| by Sol Lagunas | 1 comment

Post-Partum Depression: Part II

Him: Are you ok?

Me: (Crying) No.

Him: What’s Wrong?

Me: I don’t know, I just feel sad.

Him: Why?

Me: I don’t know, I am just not happy.

My Husband

That night I let all my emotions out. I had been “secretly” dealing with them. I think my husband knew before I did, that something was not right.

When he was at work all I would tell him was, “please come back home,” or “I can’t wait until you get home.” Plus more messages that would leave him asking, “is everything ok?” Or “man babe, I am worried.” I re-assured him that I was ok and that the kids were just being “extra today.” But I was not ok.

As the day came closer to going back to work, I often said, “babe I don’t want to go back,” or “babe can I just stay home?” He was being realistic every time. “Man babe I wish you could stay home with the kids.” I knew that was impossible but I was always hopeful.

Stay Calm and Welcome Back to Work

I finally went back, sleep deprived 9/10 times. Crabby always but trying to keep my cool because being professional at work has always been at the forefront of my work ethic.

I would come home to chaos, some nights better than others. I would have to wake up to feed the baby and if the kids were sick I would stay up cradling them in my arms.

There were days when I did not want to go home. I do not stay overtime to get work done; I prioritize my tasks and make sure I leave as soon as I can. But those days I would stay as long as I could, until the last patient was gone. I just did not want to go home. That’s when I knew something was really, really wrong.

Appointments For Days

Whether I was tired or not I wanted to know what was going on with my son. To the point where taking my girls to my mom was a hassle, so I decided to take them with me to his appointments.

On one occasion my son got admitted for respiratory distress. I had my two daughters and my son feeling super crappy. The nurse asked me, “do you need help?” I said, “no I’ll figure it out.” She did not let me figure it out. She helped us to our car and buckled my daughter in her seat. I saw her as if she was an angel. I thanked her a million times. My husband got out of work early and stayed with the girls while I took my son to the ER.

After a while of appointments here and there I decided to make excuses to not go. No more speech therapy because, “he eats better.” No more clinic visits because, “they will send us to the hospital and I don’t want him to get admitted.” I was on the verge of getting denied care for my son due to no call no shows.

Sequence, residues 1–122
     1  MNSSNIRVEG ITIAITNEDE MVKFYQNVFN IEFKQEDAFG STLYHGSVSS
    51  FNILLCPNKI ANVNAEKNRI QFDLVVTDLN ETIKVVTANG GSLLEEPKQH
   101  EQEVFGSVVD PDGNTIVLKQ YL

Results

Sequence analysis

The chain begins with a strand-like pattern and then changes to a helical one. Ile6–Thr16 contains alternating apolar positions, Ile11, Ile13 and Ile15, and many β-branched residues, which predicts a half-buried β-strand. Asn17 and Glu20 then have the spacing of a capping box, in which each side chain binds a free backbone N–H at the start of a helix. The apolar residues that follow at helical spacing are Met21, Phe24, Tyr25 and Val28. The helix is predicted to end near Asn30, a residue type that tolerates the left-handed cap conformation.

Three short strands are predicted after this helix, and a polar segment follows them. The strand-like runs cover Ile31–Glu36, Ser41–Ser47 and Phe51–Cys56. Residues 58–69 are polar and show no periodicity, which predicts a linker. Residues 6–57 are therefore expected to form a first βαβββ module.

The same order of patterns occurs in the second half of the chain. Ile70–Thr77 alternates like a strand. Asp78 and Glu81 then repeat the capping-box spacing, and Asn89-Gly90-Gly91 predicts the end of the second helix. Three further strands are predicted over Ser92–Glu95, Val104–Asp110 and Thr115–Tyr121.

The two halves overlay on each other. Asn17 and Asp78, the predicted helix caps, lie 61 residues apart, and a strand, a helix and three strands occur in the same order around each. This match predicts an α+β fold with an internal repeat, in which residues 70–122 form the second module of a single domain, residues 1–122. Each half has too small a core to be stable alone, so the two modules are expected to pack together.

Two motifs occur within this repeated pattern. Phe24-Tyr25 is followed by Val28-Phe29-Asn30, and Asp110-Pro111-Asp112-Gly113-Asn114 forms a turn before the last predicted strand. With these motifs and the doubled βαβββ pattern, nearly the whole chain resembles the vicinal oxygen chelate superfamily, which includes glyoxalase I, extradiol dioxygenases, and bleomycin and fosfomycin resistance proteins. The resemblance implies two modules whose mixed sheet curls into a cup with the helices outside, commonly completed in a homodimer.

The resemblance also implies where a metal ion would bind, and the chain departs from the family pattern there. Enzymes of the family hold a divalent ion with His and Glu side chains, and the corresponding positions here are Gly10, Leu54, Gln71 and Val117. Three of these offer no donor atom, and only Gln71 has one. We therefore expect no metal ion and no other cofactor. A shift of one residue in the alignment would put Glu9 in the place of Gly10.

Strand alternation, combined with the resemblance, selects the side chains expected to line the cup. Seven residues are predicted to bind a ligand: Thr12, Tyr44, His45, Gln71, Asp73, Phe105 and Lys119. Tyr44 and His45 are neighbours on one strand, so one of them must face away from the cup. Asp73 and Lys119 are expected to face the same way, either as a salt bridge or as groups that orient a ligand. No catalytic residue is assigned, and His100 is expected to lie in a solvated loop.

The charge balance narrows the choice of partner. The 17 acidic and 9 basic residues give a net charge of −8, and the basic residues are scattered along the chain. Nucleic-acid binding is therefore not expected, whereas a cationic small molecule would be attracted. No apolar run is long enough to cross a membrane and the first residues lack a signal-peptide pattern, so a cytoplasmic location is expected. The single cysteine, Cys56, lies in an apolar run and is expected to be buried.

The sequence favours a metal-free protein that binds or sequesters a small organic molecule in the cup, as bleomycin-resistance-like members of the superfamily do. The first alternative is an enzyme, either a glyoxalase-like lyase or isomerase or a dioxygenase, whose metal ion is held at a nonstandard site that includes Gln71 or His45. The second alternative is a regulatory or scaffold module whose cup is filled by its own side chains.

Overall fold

Down Syndrome

No. Before you ask, no. My son having Down Syndrome was not a reason for my depression. It was everything surrounding the diagnosis that was exhausting.

If you recall my earlier blogs, we spent the next day of his birth in the hospital. We waited 6 hours in the ER only to find out he was ok. The following week he was hospitalized for two dreaded long weeks.

I was with him the whole time, leaving no room for my body to heal from childbirth. It is so important for the body to heal! Childbirth is amazing but it is also a shock to our bodies.


Parenting three children was not a walk in the park. There was a lot going on prior to our son being born. My oldest was about to start preschool and my little one was not even a year old yet. Once Rodrigo came along everything just took a toll on me. I struggle between, wanting to be the best mother and taking care of myself. Both of which I failed at, badly.

I would take care of the kids needs, the household needs and my relationship. My husband would help me but most of the time I would just tell him, “I’ll do it.”

When my kids asked for food, toys or a bath I got upset; I wanted to be left alone. I did not want them getting close to me or hear them cry because I would loose it. This sounds horrifying but it is the truth. The only reason I can openly say this is because I am not that person anymore.

My World


Before I get in to details, I have to warn you that what I am about to discuss can be a little emotional for some parents. I suggest that if you are reading this and are judging me from what you have read so far, politely exit out. This post gets a little more intense from here.

Bad Habits

This is a list of things I stopped doing:

Laundry, kids baths, cooking, cleaning, interact with my kids, interact with family, interact with anyone. I isolated myself from the world and tried to isolate my family as well. I remember several occasions I would tell my husband, “I don’t want to do anything, I just want to stay home with all of you.” Yet when we did that I was not present. My head was somewhere else.

I would often leave my oldest daughter at my parents. I did not want to ruin the relationship I had with her because of the way I would treat her. I would not listen to her, I would yell at her and I was becoming a monster not mommy anymore.

In Summary

My world was turning upside down and I could not grasp it. My children became a nuisance to me. I isolated myself from the world and tried to isolate my family too. Relationships with family and friends were in a stall. I did not communicate with anyone. At work, I was a completely different person than at home. I kept my work professional but was feeling horrible inside. I cried every night and my anxiety took over.

I laid in bed looking into the darkness, not being able to sleep. My mind had a million thoughts. “What is going on with me? Can I possibly have post-partum depression? No way! That only happens on TV shows, movies, novels. I love my children. But why do I feel dead inside. Emotionless?”

I suffered Post-Partum Depression and I did not know that was possible.

If you have not read the Part I of the 3 series blog post, please make sure you read that first.

To Moms and Dads: Did you suffer from Post-Partum Depression? How did you overcome it?

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